Monday, July 5, 2004
6:41:00 AM EDT

Managing Conflicts of Interest

 

A conflict of interest is defined as "a situation in which a person, such as a public official, an employee, or a professional, has a private or personal interest sufficient to appear to influence the objective exercise of his or her official duties." There are three key elements in this definition. First, there is a private or personal interest. Often this is a financial interest, but it could also be another sort of interest, say, to provide a special advantage to a friend, associate, other organization, spouse, or child. Taken by themselves, there is nothing wrong with pursuing private or personal interests. The problem comes when this private interest comes into conflict with the second feature of the definition, an "official duty" -- quite literally the duty you have because you have an office or act in an official capacity. Third, conflicts of interest interfere with responsibilities in a specific way, namely, by interfering with objective judgment. It is also important to avoid apparent and potential as well as actual conflicts of interests. An apparent conflict of interest is one which a reasonable person would think that the person’s judgment is likely to be compromised. A potential conflict of interest involves a situation that may develop into an actual conflict of interest.

 

Some in USCF leadership believe they can never have a conflict of interest as long as their personal interests are also, in their opinion, in the best interest of the organization. This is not for an individual to personally decide. While serving as a nonprofit board member, ones’ duty is to differentiate and subjugate ones’ personal interest or personal opinion in order to maintain undivided allegiance to the interests of the organization. As a USCF board member ones’ duty of loyalty requires him/her to pursue the interest of the USCF with unswerving fidelity. This means for the good of the organization, one must distance himself from such matters where it appears to others there might be a competing interest that impacts his/her objectivity on behalf of the USCF. Most conflicts of interests are not illegal but still must be managed. Even the appearance of conflicts of interest, if not handled appropriately and sensitively, can do lasting damage to an organization's governance, its reputation, its credibility, and its ability to carry out its mission. There is no one way to manage these critical issues, but organizations and their board members should consider the following guidelines.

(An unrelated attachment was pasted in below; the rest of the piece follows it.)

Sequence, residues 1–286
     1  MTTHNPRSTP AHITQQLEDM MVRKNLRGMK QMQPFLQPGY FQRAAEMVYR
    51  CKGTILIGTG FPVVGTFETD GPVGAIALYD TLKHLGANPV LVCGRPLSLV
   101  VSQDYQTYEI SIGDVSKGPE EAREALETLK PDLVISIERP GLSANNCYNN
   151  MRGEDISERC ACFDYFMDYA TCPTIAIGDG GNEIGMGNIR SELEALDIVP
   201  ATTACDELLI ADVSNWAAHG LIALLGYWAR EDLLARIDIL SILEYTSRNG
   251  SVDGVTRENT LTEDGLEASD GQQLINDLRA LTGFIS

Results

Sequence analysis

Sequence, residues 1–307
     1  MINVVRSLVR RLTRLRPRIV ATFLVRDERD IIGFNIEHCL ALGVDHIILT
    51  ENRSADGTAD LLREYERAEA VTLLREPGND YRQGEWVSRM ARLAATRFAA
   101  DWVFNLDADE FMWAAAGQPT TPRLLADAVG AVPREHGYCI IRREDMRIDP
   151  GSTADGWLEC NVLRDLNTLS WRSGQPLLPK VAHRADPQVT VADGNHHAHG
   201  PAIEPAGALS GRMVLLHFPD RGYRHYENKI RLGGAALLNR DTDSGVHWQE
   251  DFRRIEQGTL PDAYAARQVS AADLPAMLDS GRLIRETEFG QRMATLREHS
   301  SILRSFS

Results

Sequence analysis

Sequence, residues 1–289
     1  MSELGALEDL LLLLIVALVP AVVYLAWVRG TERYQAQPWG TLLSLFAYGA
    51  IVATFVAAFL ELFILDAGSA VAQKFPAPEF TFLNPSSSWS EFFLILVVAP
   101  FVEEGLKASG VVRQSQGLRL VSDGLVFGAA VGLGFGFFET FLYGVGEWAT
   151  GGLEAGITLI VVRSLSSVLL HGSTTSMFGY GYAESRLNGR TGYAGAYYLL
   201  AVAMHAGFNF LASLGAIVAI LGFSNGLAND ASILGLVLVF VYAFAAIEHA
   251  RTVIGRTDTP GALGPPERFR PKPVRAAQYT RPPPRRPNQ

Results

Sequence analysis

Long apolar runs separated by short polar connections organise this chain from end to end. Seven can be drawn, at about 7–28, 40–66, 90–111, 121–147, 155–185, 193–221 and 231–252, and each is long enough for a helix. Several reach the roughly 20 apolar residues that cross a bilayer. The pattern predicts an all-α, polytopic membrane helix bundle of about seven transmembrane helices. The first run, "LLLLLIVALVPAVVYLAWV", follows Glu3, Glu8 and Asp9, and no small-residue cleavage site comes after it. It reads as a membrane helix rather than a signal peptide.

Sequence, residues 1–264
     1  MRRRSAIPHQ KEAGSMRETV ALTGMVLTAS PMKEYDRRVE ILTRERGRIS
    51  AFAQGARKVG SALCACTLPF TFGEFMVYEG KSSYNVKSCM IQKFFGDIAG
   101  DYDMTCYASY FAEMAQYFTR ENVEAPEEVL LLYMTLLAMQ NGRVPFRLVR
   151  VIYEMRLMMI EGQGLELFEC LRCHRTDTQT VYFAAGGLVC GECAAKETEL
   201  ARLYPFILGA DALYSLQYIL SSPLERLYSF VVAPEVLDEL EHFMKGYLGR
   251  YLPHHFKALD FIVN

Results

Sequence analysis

1. Adopt a policy on conflicts.

 

The adoption of a thoughtful, carefully articulated conflict-of-interest policy is the best way to handle conflict situations that confront an organization. With a clear policy in hand, the chief executive or chair can fall back on policy and standard procedure to handle these situations and will not have to worry about angering a stakeholder or jeopardizing an important relationship. If sufficiently comprehensive, such a policy can deal with the myriad ethical and other questions that the law does not address.

 

The goal of conflict-of-interest policies is not to derail any transaction involving the duty of loyalty of a board member or another disqualified person. Rather, the goal should be to permit an organization to manage conflicting interests successfully.